June 15, 2015
Our digestive organs are very intricate and make up one of the largest systems in our body. If it were removed, it would stretch a staggering 25-30 feet from end to end. In very basic terms, its function is to process the food we eat into smaller molecules and eliminate waste. The digestive process is quite complex, and is a very coordinated effort that begins before we even take a bite. The sounds and smells of food, or even the thought of food, can send signals to the brain to prepare the way for food to enter our digestive tract. The primary purpose of food is to provide fuel or energy for our body, but it needs to be changed into smaller molecules of nutrients that can be absorbed into our blood and carried to the hundred trillion cells inside us.
As we dig into our meal, we probably don’t give a second thought to what happens to it as we eat, where it goes, or what it is doing inside us long after the meal is finished. The journey it takes, and the entire digestive process begins in our mouth when we chew and heads down our esophagus when we swallow until it reaches the acidic environment of the stomach where it is broken down further.
Once the food moves from the stomach into the small intestine, the hard work of digestion begins – breaking down the nutrients and absorbing them into the bloodstream. It is important that this is done efficiently, as maldigestion of food can interfere with the digestive process, including depriving your body of vital nutrients, but also, large chunks of partially digested food left in the intestines can become a breeding ground for bad bacteria. The negative consequences of which are gas and bloating.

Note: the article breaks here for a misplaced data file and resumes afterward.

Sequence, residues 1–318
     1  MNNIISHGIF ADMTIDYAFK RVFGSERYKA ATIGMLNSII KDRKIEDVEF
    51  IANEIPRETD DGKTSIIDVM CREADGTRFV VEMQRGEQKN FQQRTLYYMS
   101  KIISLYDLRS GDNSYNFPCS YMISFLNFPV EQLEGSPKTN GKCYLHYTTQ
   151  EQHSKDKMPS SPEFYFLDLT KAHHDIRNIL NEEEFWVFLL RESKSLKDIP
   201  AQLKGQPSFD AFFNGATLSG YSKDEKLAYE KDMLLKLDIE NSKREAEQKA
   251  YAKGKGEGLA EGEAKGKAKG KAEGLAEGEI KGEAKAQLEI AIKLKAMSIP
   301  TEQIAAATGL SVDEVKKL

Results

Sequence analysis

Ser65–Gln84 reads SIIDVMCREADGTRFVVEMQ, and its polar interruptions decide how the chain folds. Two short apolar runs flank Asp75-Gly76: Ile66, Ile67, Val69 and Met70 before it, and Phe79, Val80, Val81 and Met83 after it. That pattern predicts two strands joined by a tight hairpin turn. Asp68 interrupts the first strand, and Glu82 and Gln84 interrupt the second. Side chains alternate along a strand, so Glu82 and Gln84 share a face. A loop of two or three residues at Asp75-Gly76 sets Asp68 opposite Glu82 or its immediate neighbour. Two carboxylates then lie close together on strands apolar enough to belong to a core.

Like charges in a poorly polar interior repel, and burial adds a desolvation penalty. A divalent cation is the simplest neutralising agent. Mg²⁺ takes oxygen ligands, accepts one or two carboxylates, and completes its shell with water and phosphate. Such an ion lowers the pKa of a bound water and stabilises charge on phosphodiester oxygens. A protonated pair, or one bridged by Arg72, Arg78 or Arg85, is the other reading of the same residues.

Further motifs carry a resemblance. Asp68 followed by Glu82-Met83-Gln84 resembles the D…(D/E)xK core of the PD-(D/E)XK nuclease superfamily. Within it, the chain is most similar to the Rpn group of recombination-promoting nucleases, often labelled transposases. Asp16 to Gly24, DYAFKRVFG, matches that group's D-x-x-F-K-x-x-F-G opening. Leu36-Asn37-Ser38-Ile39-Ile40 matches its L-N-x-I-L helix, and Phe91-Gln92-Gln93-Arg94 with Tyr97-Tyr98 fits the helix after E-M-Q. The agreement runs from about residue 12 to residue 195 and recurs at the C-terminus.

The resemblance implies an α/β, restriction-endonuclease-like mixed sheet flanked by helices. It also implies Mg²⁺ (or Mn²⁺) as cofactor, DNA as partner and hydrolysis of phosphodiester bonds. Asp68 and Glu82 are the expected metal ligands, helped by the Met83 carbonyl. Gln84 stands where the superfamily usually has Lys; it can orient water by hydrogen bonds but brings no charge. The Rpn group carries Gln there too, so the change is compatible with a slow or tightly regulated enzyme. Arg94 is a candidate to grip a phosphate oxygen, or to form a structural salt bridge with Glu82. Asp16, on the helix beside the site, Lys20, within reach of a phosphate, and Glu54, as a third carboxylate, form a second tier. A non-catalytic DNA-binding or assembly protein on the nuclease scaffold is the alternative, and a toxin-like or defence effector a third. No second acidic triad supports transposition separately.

The probiotic bacteria Lactobacillus bulgaricus plays a particularly important role in digestion by helping create a slightly acidic environment that’s necessary for optimum intestinal health as well as preventing harmful pathogenic bacteria from growing. It also helps the body break down enzymes such as lactose. This is very helpful to people who cannot tolerate dairy products and it’s also instrumental in the digestion of the essential nutrients carbohydrates and proteins.
Most importantly, Lactobacillus bulgaricus have proteolytic activity, meaning they break down proteins into amino acids – in a way, the bacteria can help ‘pre-digest’ our food for us, making digestion more efficient. Simply put, the more you can do to help the digestive process early on the cycle, the more fully digested the food will be as it moves into the large intestine, which directly reduces the potential for gas and bloating.
To give your body a little helping hand, Natren has developed Gastro-pH – a convenient and delicious probiotic in a chewable wafer form designed to be taken on-the-go. Each serving of two chewable wafers of Gastro-pH contains a minimum of 1 billion cfu of Lactobacillus bulgaricus LB-51 super strain. Our customers tell us that they like to layer Natren Healthy Trinity with Gastro pH as needed for additional support. We particularly recommend this layering approach for people who are predisposed to gas and bloating. They are easy to take, easy to carry, and provide a simple way to give your digestion a little boost before meals, or as needed to help prevent indigestion.
August 13, 2019
August 13, 2019 2 Comments
We often get asked when is the best time to take probiotics – morning, evening, before or after food. Taking probiotics at any time is better than not taking them at all, of course, but taking probiotics at the right time can optimize the health benefits of this supplement. Staying on a regular routine can be difficult for some people, as hectic lifestyles can make it hard to do anything at the same time each day. Other people take so many medications that they simply add probiotics to the handful of pills they already take, with little regard as to.... [Read More...]
July 08, 2019
What is Fibromyalgia?
Fibromyalgia is a long-lasting or chronic disorder that causes muscle pain and an overall feeling of tiredness. People with this condition experience pain and tenderness throughout many parts of their body. It is often associated with other chronic conditions such as Chronic fatigue syndrome, endometriosis, irritable bowel syndrome (IBS), rheumatoid arthritis, lupus and more. Anyone can get this but it does occur more frequently in women and often starts in middle age.